Alright, that covers the basic why of Logical Volume Management. Since I’m sure you’re itching to learn more about how to prepare and build your own systems, here are some excellent resources to get you started:


As always, if you have any questions about the topic, please comment on the story, and I’ll try to help you out or point you in the right direction

  • Dan C

    One thing I’ve always been a little unclear on, and never had the time to test extensively, is what the performance impact is when introducing LVM as an extra layer of block abstraction.

    That is in the most simple context, when not when using LVM to join multiple disks into a VG or anything clever.

    Have you any experiences or thoughts?

  • Matt


    I’m not really sure what you mean, I think.

    It was my understanding that blocks are a filesystem construct, rather than being part of a physical device. If you mean sectors, then I really have no idea.

    The general consensus seems to show a slowdown of around 20%, but there are apparently methods of tuning it a bit.

  • JeffHengesbach

    Great intro Matt. I totally agree on your “Why” statement. Understanding the why of doing something the first step of ‘should’ it be done.

    In terms of performance I have 2 comments. Every environment is unique so the impact will vary, but like Dan C mentioned, adding a layer of abstraction in the block device stack -has- to impose some overhead. How much depends on alot – processor speed, lvm tuning, disk subsystem layout, controller configurations….

    In a true performance critical situation, you’re most likely dealing with storage at the spindle level (even on a SAN). You don’t see too many high transaction databases on the same raid group as a mailbox store that is sliced up with LVM/other.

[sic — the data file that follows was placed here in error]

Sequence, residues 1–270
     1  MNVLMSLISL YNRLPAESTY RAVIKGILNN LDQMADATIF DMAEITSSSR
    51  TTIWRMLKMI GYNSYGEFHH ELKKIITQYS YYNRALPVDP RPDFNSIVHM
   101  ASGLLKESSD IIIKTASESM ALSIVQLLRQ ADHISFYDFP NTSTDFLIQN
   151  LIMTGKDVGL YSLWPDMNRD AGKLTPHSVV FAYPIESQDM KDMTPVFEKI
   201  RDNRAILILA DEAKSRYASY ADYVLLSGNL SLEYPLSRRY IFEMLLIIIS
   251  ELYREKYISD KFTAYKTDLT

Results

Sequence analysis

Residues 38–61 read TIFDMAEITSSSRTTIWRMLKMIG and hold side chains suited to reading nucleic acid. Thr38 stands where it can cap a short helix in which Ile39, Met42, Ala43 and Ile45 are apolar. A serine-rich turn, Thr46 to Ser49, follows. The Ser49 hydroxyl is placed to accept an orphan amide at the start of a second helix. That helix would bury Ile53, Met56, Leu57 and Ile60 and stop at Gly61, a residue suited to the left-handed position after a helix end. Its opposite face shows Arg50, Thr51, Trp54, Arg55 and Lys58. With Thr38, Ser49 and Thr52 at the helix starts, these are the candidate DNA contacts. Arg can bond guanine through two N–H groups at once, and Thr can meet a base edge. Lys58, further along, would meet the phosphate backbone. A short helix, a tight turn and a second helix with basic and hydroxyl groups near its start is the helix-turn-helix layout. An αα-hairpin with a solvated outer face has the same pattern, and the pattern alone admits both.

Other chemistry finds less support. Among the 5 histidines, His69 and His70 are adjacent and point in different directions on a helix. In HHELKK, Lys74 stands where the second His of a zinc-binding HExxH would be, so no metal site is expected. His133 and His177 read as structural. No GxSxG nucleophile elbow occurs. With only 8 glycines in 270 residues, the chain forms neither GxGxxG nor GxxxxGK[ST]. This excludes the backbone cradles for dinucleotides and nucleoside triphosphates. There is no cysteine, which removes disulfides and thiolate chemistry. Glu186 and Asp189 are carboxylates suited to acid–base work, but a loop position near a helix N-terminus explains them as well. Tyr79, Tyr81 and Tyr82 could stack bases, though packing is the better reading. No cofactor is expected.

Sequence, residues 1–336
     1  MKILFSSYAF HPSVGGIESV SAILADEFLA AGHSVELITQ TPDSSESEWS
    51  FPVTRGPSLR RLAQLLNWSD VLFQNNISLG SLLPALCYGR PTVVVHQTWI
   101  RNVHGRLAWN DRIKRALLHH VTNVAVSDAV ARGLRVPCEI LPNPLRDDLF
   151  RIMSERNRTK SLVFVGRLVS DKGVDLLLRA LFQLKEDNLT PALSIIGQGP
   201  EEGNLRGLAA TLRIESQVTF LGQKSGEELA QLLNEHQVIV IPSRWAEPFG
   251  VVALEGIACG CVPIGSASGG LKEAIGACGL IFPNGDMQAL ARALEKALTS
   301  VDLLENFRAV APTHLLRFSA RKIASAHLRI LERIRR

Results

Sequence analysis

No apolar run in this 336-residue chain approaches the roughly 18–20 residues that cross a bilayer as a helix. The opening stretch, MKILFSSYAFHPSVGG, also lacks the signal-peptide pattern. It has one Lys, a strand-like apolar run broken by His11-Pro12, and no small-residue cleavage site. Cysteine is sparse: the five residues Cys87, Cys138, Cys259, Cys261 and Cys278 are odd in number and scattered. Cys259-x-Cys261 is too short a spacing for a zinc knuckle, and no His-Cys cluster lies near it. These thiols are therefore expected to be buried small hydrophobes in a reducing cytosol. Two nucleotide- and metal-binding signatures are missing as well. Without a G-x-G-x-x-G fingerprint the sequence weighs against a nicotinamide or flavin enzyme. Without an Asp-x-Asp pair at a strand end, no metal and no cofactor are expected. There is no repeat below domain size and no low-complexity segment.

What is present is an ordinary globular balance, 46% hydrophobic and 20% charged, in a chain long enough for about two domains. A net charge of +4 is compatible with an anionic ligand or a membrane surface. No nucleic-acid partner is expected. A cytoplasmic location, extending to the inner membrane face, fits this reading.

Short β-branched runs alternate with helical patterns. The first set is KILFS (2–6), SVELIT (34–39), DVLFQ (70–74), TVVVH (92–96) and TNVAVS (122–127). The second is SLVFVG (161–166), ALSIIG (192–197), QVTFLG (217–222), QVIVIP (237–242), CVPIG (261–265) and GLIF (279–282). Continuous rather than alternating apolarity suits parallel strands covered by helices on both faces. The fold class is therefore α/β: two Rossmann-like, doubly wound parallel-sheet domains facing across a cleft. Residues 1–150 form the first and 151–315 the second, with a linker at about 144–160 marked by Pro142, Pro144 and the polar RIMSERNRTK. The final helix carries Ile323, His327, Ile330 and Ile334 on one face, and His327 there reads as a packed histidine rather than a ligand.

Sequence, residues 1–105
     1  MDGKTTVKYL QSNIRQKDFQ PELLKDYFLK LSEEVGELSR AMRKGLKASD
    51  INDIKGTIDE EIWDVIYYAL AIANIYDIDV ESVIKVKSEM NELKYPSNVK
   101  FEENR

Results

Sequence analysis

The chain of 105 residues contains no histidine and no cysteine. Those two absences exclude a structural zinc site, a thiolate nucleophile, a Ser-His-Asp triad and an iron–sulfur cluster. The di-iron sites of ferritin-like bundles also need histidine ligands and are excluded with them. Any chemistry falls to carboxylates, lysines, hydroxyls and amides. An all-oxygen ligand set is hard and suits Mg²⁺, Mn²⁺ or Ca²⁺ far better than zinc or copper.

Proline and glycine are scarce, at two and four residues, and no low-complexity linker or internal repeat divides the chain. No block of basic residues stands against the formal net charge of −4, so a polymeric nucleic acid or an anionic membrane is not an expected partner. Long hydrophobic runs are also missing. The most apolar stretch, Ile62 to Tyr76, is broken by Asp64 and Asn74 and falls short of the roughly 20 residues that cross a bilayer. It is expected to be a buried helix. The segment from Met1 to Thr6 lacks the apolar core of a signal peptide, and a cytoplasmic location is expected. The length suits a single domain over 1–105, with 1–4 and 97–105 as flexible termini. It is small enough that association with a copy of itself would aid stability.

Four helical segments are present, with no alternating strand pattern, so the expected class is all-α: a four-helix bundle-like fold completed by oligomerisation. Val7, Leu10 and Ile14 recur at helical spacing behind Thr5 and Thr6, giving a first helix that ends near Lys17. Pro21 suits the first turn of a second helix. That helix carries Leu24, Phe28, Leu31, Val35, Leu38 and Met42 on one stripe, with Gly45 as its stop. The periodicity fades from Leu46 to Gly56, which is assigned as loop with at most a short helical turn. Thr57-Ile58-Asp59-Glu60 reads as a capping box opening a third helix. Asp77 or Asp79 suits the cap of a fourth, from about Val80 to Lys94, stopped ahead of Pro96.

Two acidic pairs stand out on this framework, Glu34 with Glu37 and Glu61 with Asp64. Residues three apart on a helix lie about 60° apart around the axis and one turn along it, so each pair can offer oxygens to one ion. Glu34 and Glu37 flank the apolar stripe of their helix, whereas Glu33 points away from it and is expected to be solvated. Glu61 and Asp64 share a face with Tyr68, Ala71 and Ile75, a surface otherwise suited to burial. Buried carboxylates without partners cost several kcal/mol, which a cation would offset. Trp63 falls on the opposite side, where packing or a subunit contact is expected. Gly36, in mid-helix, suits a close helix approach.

That said – I love LVM.

  • Matt


    Ah, I knew I had more to learn about LVM, so I’ll have to investigate the performance penalties involved.

    Thanks for the kinds words, also :-)

  • JeffHengesbach

    A nice simplified visual representation showing how the parts of linux IO architecture fit together.

    The “Generic Block Device” layer can be stacked many times over using the likes of md, lvm, drbd, etc. Software raid10 for instance is a raid0 layer overtop of multiple raid1’s. An IO trying to make its way too / from the physical device has pass through each layer – adding latency.

  • Matt


    Wow, great link. Thanks!

  • Ben C

    I still prefer the “old way” for desktops — maybe because that’s what I’m used to? The most useful application of LVM that I’ve found is the ability to set arbitrary hard quotas. On our main file server, there are 500 GB partitions, and researchers can purchase space in units of 100GB. This makes quota enforcement limited to a weekly e-mail that says “hey, you’re using too much!” On a newer server, I set up LVM slices so that each researcher gets their own partition — exactly the size they pay for — that I can grow or shrink as needed.

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  • Iced

    First, great article!

    I am interested in your thoughts on how to manage removing physical drives from a logical volume. I’ve bought into the idea of using LVM a couple years ago, but have been bitten twice by a bad drive and had nothing but headaches trying to remove the bad drive from the logical volume.

    Losing a physical drive in a logical volume is an exercise of patience especially when what appears to be a random subset of files gone missing in the logical volume it’s part of.

    I can understand that a minimum of RAID-1 sitting above the physical layer would be nice but I guess the caveat is that if you are going to put anything of importance in a logical volume using LVM, make sure it’s on top of some sort of a RAID array.

    Thoughts, tips?